Despite the Iranian team’s defeat from Spain 1-0 in the World Cup, Iranian women won a small victory on a personal level by being able to enter the main stadium in Tehran to watch the game, which was banned before.
Thousands of people who came to the stadium saw how the police kept the entrances closed and informed of the cancellation of the broadcast of the match from Azadi Stadium,
As in the first game between the Persian team and his Moroccan counterpart, which ended with the victory of Iran With a clean and murderous goal in time calculated rather than lost.
Finally, one hour before the start of the match against Spain, one of the organizers of the (Efi) confirmed that they solved the problems of permits and that the doors will be open to the public, which gave way to a great hustle by the audience.
The women were able to enter Azadi Stadium, carrying Iranian flags and faces painted in national colors, hoping to watch the matches live in the future and not only through a massive screen from inside the stadium.
“This is the first time I’m going to the Azadi Stadium, and I’m pleased, I feel there is freedom,” said Shereen Karami, a 29-year-old master student at Effi.
“we had no problem getting into the stadium, the ladies feel comfortable in the stadium,” Karami said, refuting some of the arguments used by Iranian conservatives to prevent them from entering the stadium.
Iranian authorities consider the alleged violence and hateful words of fans from the stadium to be disproportionate to women since they have competed with the 1979 Islamic revolution.
However, it is usual for some women to sneak into the playground wearing hats, wig or even false beards, despite the risk of being arrested and possibly being arrested if the police find out.
“I want this to continue, and we can watch the matches live from here,” said the student, who attended the stadium with her fiancé and two other friends.
The Iranians also went to Russia to support Tim Millie at the World Cup, but Iranian television generally banned their appearance in the return shots because they did not adhere to the dress according to Iranian Islamic regulations.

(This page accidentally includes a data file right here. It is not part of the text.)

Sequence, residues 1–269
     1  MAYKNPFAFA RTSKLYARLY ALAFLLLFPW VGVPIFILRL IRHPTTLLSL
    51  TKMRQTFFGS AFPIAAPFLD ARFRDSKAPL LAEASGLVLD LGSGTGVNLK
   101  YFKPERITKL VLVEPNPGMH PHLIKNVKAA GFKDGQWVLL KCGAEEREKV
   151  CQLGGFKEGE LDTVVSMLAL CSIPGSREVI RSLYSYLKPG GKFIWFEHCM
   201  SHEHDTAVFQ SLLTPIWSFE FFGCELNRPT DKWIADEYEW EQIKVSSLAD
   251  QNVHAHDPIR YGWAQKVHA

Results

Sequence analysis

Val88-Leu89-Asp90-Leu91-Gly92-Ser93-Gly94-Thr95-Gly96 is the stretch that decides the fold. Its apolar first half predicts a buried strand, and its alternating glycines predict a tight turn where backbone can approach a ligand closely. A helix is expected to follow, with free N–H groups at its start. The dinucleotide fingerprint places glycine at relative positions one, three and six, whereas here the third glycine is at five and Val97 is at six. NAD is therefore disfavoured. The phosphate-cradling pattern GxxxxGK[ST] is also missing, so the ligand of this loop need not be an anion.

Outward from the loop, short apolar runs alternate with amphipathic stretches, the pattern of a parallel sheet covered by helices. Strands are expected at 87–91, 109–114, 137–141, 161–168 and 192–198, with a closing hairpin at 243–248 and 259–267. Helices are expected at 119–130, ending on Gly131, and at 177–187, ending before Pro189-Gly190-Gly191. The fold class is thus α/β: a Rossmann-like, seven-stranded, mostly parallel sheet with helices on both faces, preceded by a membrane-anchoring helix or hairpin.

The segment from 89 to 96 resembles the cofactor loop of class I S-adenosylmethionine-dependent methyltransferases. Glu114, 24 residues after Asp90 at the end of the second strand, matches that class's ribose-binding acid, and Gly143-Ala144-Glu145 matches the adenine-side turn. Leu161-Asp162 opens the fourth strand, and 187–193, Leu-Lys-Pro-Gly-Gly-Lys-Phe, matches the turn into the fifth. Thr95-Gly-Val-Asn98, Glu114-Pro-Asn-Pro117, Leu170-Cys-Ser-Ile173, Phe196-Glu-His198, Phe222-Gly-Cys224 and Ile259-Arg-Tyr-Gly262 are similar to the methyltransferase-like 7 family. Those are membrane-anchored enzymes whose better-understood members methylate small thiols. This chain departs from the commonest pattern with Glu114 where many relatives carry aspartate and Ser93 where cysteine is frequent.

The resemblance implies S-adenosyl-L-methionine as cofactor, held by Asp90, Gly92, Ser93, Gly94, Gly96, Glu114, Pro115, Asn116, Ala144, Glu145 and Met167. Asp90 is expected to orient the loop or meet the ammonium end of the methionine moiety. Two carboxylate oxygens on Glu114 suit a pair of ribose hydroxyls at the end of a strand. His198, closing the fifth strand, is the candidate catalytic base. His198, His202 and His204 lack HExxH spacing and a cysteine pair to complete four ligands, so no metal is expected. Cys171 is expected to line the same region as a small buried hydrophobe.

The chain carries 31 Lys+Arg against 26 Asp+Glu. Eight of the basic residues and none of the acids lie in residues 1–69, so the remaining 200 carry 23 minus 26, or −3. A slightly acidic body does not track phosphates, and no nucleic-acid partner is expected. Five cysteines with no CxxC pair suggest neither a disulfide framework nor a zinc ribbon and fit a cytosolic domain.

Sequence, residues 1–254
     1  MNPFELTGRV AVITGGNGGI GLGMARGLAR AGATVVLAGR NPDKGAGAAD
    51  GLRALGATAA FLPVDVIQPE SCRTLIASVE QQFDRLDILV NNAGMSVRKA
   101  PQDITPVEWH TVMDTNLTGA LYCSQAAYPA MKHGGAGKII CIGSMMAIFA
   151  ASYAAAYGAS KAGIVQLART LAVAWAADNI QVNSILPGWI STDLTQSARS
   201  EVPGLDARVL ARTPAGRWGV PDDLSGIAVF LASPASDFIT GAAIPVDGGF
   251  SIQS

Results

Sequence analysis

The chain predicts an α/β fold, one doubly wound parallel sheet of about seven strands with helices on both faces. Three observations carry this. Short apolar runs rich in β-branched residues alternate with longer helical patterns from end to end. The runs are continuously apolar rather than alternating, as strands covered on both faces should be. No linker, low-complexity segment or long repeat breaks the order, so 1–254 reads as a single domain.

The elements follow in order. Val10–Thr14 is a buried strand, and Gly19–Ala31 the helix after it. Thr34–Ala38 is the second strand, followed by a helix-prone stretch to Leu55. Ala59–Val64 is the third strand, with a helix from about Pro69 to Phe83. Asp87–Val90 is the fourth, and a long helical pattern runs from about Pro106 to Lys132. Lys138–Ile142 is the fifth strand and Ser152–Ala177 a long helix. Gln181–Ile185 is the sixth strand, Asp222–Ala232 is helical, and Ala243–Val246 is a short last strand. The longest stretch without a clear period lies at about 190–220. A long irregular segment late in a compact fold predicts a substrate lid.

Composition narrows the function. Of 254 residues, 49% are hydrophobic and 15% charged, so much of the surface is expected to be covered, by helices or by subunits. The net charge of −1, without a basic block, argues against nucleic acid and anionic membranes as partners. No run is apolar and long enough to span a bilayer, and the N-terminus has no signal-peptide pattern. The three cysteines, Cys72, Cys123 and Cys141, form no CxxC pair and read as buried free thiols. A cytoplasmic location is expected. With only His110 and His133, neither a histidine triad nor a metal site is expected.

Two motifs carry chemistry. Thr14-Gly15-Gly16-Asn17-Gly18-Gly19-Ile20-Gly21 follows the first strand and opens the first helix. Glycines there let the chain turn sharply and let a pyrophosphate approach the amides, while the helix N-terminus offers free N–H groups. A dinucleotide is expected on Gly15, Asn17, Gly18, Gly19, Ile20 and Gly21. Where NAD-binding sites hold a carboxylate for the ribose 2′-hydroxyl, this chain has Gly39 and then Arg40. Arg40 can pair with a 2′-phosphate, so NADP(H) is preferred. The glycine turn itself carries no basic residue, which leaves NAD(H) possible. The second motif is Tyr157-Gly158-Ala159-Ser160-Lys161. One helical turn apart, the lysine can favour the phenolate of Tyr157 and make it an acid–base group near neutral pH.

Human Rights Organizations such as HRWatch have urged Persian authorities to repeal the ban and end discrimination against women in the stadiums, and Iranians abroad have been calling for campaigns to prevent women from going to stadiums during sports competitions.
Two years ago, some parties in Iran allowed a limited presence of women in the stadiums, but it was very figurative, amidst a state of tension between the reformist sectors and the Islamic Republic.
In May, Iran’s moderate president, Hassan Rowhani, also asked whether “preventing women from going to sports events as interpreters were supportive of the image of Islam?”
“They say that women should not listen to the physical cheers of men on football fields, do our women have to pay for that,” Rouhani said.
According to Shirin Rezai, an administrator who attended Azadi Stadium with her husband and younger son, this opportunity “gave the woman self-confidence.”
“It was fantastic, nothing bad happened, everyone behaved with respect and the men and women watched football together,” he told EFI after the match ended in favor of Spain.
“If they allow women to watch football live, it will have a positive impact,” she said.
“It is a woman’s right to come and watch football and her national team,” he said.
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